How Connecticut’s “Pay to Play” Ban Wouldn’t Have Stopped Blagjevich

I was on Brad Davis’s radio show on WDRC in Connecticut this morning, discussing the recent decision by a federal District Court judge upholding their ban on contributions from lobbyists or state contractors. Doing a little research before the show, I ran across something interesting, and which just shows what a useless infringement on the First Amendment these so-called “pay to play” laws are.

The theory of “pay to play” bans is that elected officials will reward their campaign contributors with contracts. I’ve no doubt that this is true in some cases, but I doubt the practice is nearly as widespread as claimed by the campaign finance “reform” community. Usually, these laws are passed in response to some other scandal that the “pay to play” ban would not have affected if it had been in place.

For example, Connecticut passed it’s “pay to play” law after the corruption scandal of former governor John Rowland. Inconveniently for the “reformers,” Rowland wasn’t trading contracts for campaign cash, he was apparently getting free work done on his cottage by state contractors, among other goodies. No campaign contributions were involved, according to all the reports I’ve read.

Nevertheless, “reformers” were quick to seize on the scandal and propose a solution unrelated to the original scandal, banning contractors and lobbyists from enjoying the constitutionally protected right to support the candidate or cause of their choice.

Which brings us to today, where Governor Rod Blagojevich is being touted as the new poster-child for “pay to play” bans by “reformers.” Most of us following the saga of “Hot Rod” are aware of the charge that Governor Blagojevich tried to get a $50,000 contribution from an executive at Children’s Memorial Hospital in Chicago in exchange for $8 million from the state.

If ever there were a case of “pay to play,” this is it. Passing bans on state contractors and lobbyists from contributing, we are told, will put an end to this sort of thing. Here is Laura MacCleery of the Brennan Center, a leading advocate for “pay to play” bans, responding to the judge’s decision to uphold Connecticut’s law:

…The current shameful situation in Illinois-and the earlier corruption scandals in Connecticut that prompted enactment of this law-show that too often politicians are willing to trade away their offices for private gain. This law protects taxpayers by assuring that those seeking to do business with the state are not paving their way with campaign contributions…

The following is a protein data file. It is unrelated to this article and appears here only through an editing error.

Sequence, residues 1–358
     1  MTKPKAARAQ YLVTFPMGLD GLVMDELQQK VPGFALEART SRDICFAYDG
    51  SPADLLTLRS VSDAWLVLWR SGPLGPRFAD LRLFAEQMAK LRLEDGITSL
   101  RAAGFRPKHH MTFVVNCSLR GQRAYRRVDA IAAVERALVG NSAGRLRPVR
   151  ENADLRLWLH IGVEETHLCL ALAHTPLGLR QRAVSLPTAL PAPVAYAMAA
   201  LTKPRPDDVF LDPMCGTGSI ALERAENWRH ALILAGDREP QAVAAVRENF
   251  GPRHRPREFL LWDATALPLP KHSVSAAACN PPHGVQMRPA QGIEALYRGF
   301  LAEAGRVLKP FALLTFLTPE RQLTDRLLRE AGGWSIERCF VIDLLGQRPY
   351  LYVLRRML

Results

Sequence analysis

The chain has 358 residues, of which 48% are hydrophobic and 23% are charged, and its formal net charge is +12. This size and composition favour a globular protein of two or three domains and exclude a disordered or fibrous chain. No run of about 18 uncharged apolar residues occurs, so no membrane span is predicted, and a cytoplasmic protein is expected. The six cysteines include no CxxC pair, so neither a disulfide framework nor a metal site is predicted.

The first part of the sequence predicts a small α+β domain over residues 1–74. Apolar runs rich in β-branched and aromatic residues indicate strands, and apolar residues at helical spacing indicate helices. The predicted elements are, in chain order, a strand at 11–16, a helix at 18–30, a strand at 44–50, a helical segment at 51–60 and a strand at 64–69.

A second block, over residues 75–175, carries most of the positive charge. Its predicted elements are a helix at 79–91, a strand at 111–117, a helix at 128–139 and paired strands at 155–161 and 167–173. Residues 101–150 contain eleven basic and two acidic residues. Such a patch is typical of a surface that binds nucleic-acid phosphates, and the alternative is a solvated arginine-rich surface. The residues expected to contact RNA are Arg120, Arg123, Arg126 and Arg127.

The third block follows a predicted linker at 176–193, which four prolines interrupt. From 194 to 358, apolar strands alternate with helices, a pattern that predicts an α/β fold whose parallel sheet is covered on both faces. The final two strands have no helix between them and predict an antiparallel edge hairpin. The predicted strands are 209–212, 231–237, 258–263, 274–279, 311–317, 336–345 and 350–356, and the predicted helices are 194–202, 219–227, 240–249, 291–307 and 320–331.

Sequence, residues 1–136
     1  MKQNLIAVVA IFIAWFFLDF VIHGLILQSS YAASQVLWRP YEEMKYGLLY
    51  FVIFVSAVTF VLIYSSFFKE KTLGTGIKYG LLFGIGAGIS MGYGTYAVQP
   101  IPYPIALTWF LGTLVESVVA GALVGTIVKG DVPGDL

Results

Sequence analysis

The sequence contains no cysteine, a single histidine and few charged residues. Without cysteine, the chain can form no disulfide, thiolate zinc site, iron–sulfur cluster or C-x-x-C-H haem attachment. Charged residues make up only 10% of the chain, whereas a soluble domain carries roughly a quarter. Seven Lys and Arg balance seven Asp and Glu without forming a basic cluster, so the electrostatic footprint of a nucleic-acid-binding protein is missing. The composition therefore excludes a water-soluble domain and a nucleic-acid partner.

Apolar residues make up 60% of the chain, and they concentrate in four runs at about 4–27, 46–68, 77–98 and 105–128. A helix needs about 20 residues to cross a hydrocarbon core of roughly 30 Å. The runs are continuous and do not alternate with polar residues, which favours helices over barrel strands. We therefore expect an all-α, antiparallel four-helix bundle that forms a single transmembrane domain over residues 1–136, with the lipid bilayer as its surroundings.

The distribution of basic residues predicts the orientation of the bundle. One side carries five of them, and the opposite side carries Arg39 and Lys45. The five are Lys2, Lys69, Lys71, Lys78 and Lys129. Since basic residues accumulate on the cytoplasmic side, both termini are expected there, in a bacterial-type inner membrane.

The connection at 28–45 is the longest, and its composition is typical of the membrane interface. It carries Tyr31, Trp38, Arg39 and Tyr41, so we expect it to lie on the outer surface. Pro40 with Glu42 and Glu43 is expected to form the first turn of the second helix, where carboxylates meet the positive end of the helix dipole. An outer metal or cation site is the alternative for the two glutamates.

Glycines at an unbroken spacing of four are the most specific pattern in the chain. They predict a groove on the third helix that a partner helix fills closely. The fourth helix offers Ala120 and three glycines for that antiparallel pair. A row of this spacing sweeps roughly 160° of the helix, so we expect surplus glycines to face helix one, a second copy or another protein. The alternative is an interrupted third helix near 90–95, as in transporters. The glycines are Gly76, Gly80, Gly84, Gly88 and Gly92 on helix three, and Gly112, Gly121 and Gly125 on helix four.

Let’s set aside the fact that in the case of Children’s Memorial Hospital, it was not someone allegedly “seeking to do business with the state” who tried to exchange campaign cash for state contracts, but instead an elected officeholder attempting to extort money from a potential contributor. Instead, let’s focus on a simple question: had what Blagojevich supposedly attempted been done in Connecticut, would the Connecticut law have stopped it?

The answer, it turns out, is no. The $8 million in state funding wasn’t actually going to Children’s Memorial Hospital, instead it was going to be used to increase reimbursements for pediatricians who worked at Children’s Memorial and other hospitals. The head of Children’s Memorial just happened to be the leader of a coalition of hospitals who sought the increased reimbursement for pediatricians.

There was no “contract” between Illinois and Children’s Memorial, so the Connecticut “pay to play” ban wouldn’t prevent a corrupt politician in the Nutmeg State from extorting contributions in the way Governor Blagojevich apparently attempted to in Illinois.

That said, I doubt this bit of reality will intrude on the “reformers” zeal to push these “pay to play” bans using the example of Governor Blagojevich as what these laws are intended to stop.

Except, as we’ve seen, it wouldn’t have.

The Center for Competitive Politics is now the Institute for Free Speech.